Microsoft makes a big improvement to Xbox DRM

By Tom West,

The latest Xbox Series X|S update has introduced a host of improvements to the Xbox DRM checking process, allowing you to now play most single-player games offline.

DRM, or Digital Rights Management, is a process that consoles use to check the license of the game you're about to play to make sure you own the game and have the right to play it. While it's great for combating piracy, it does mean that players without internet access or limited access can't play their games without first connecting to the servers, even if it's from a disc.

The recent September update, 2208, for Xbox Series X|S consoles has added improvements to the DRM process, effectively letting you play your single-player games when offline, although Xbox Game Pass, Xbox 360, and OG Xbox games will still require an online check before you start playing. While it's not listed as a feature on Microsoft's site, Xbox engineering lead Eden Marie confirmed the changes in a reply to a Twitter post, saying "the online compatibility check isn't needed in the vast majority of cases."

Xbox DRM update explained by YouTuber Hikikomori Media

YouTuber Hikikomori Media's video above gives a breakdown of the new DRM changes introduced to Xbox Series X|S consoles, which affect many Xbox One-branded games, but not all. Original Xbox and Xbox 360 games still won't work with update 2208, which Marie says is because the data on those discs "can't be used directly," which makes sense as they're using the Backwards Compatibility program. Xbox Game Pass titles also won't work, even if they're offline single-player games as the server needs to make sure you have an active subscription. Xbox Series X|S-only and downloaded games will continue to work offline, but you'll need to use your 'Home Xbox' to access your digital library.

It's Xbox One disc-based games that see the benefit of the DRM changes. Before, when you put a disc into your console, the console needed to send a request to the Digital Rights Management server to prove that it was a legitimate copy of the game, then the server would ping its approval back to your console and allow you to play, meaning you'd have to be online to initiate it.

That's no longer the case, and after installing the update, you should find that your disc-based Xbox One games work completely fine when your console isn't connected to the internet — bear in mind, that's only for the single-player parts of the games. The system does offer a few caveats, though, as the days of every disc containing the complete game for the console you're using are far behind us now.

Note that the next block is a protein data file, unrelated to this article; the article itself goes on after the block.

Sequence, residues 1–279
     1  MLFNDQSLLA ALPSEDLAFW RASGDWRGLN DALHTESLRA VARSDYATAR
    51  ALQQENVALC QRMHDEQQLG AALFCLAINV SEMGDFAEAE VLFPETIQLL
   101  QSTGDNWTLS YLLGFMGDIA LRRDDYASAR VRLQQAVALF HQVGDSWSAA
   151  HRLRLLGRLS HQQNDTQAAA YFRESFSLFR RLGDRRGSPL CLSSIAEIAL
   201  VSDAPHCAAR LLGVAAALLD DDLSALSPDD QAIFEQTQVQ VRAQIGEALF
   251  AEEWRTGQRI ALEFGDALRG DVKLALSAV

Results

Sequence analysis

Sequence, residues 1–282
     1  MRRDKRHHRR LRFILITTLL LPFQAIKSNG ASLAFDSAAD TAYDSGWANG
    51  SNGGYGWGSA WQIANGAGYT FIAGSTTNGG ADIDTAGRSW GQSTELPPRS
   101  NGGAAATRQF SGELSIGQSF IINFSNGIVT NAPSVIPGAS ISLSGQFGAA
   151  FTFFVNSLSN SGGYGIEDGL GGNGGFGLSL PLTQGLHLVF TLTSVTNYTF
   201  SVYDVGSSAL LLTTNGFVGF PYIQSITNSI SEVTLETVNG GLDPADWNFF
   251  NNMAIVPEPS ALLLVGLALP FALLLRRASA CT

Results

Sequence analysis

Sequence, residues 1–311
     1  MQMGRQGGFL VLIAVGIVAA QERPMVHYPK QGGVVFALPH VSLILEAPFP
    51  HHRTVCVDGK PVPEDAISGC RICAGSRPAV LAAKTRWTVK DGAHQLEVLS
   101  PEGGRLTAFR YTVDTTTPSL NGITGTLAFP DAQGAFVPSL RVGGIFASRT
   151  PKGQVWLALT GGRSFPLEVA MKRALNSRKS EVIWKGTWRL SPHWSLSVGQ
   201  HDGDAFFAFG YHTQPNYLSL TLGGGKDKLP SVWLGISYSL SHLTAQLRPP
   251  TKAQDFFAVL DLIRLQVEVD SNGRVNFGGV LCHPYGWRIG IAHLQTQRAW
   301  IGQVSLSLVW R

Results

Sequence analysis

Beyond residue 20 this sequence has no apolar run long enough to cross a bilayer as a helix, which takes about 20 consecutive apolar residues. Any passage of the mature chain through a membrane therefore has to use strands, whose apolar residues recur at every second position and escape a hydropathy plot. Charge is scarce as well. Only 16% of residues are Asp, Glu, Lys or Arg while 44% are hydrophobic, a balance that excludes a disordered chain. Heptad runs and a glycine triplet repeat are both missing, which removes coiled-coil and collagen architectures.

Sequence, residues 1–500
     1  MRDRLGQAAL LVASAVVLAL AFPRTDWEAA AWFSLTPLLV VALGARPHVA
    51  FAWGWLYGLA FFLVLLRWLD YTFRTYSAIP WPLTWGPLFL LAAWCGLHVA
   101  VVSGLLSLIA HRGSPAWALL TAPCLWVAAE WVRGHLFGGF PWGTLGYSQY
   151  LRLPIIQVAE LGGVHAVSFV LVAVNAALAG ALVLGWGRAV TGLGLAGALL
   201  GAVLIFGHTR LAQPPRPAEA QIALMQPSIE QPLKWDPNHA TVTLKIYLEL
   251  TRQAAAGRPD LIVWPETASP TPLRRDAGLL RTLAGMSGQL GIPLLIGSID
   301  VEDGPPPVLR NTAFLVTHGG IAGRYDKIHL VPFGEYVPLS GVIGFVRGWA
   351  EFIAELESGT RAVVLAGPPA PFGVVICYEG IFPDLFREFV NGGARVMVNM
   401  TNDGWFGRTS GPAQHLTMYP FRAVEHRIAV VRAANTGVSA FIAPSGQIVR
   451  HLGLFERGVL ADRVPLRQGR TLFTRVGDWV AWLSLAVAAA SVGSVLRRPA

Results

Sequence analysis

Some games that are branded to work on Xbox Series X|S and Xbox One can, and in many cases do, contain the Xbox One version of the game, as discs only have so much memory. That means you need to connect to the internet to download the current-gen version of the game if you want to access that content, otherwise it'll remain fully playable in its last-gen format. Other games only offer part of the game on the disk and require you to download the remaining assets via a day one patch to finish installing the game, again requiring an internet connection.

It's not a perfect scenario for Xbox game preservation, but it's definitely a huge step in the right direction for Microsoft, which shows that the company is listing to the feedback from its community. Will these changes make any difference to how you play or purchase your games? Drop a comment below and let s know!
Tom West
Written by Tom West
Tom has been playing video games since he was old enough to hold a controller, experimenting with a number of systems until he eventually fell in love with Xbox. With a passion for the platform, he decided to make a career out of it, and now happily spends his days writing about that which he loves. If he’s not hunting for Xbox achievements, you’ll likely find him somewhere in The Elder Scrolls Online or fighting for survival in Battlefield.
View discussion...
Hide ads